Many breast cancer patients suffer relapse years after being rendered free of detectable disease by surgery. This indicates that subclinical malignancy in the form of so-called minimal residual disease (MRD) can persist in these patients and beget disease recurrence. Much of modern breast cancer therapy is directed against MRD (adjuvant treatment) with the goal of preventing relapse. Remarkably, the latent MRD lesions that give rise to breast cancer relapse have never been identified and characterized; therefore, adjuvant treatments have been based on the biology and treatment sensitivity of overt breast cancer. However, the prolonged latency that typically precedes breast cancer relapse indicates that the biology of MRD and that of overt malignancy are distinct. The long-term objective of this application is to provide a biological description of MRD with an emphasis on mechanisms of treatment response. Ultimately, these studies will facilitate more rational approaches to curing breast cancer patients via adjuvant treatment. Genetically modified mice that permit faithful modeling of the clinical behavior of MRD in breast cancer ought to be useful for testing adjuvant treatment strategies and interrogating genetic pathways implicated in mediating treatment response. To model MRD in vivo, transgenic mice that permit reversible activation of an oncogenic Wnt signal in mammary epithelium during any stage of Wnt pathway-initiated mammary tumorigenesis were generated. Following abrogation of oncogenic signaling, established mammary tumors regress leaving long-lived, subclinical MRD lesions with latent malignant potential. Importantly, MRD lesions in this model give rise to tumor relapse after periods of disease latency that provide a window for testing adjuvant treatment strategies. Mice harboring either overt malignancy or MRD lesions will be analyzed under a variety of treatment conditions to test the hypothesis that biological differences between MRD and overt breast cancer impart distinct mechanisms of treatment response and distinct treatment sensitivities to these two forms of neoplasia. The proposed Aims follow.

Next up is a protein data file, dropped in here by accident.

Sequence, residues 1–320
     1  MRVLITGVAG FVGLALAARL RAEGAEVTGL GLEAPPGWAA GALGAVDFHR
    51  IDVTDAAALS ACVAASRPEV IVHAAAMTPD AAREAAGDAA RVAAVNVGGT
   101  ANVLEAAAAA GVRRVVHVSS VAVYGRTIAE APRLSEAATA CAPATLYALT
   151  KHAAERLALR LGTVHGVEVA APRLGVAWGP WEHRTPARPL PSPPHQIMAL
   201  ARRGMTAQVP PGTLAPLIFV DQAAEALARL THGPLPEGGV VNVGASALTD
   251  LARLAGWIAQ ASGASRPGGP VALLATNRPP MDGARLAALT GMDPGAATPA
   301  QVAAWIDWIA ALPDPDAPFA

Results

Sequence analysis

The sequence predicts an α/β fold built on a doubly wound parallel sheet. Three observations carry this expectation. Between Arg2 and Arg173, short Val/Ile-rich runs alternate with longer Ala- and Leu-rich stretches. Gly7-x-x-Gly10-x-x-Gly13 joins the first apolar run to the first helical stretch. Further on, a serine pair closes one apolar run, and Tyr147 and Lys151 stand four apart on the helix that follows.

Specific Aim 1 : To compare outcomes when employing cytotoxic agents either as primary treatment directed against overt malignancy or as adjuvant treatment directed against MRD.
Specific Aim 2 : To determine whether inactivation of tumor suppressor loci implicated in mediating cytotoxic treatment responses compromises the cytotoxin-sensitivity of either overt tumors or MRD.
Specific Aim 3 : To extend our reversible tumorigenesis model to permit study of both overt malignancy and MRD lesions residing at metastatic sites. These studies will provide new insights into the biological behavior of MRD lesions and, thereby, shed new light on the crucial but poorly understood link between primary and relapsed breast cancer.
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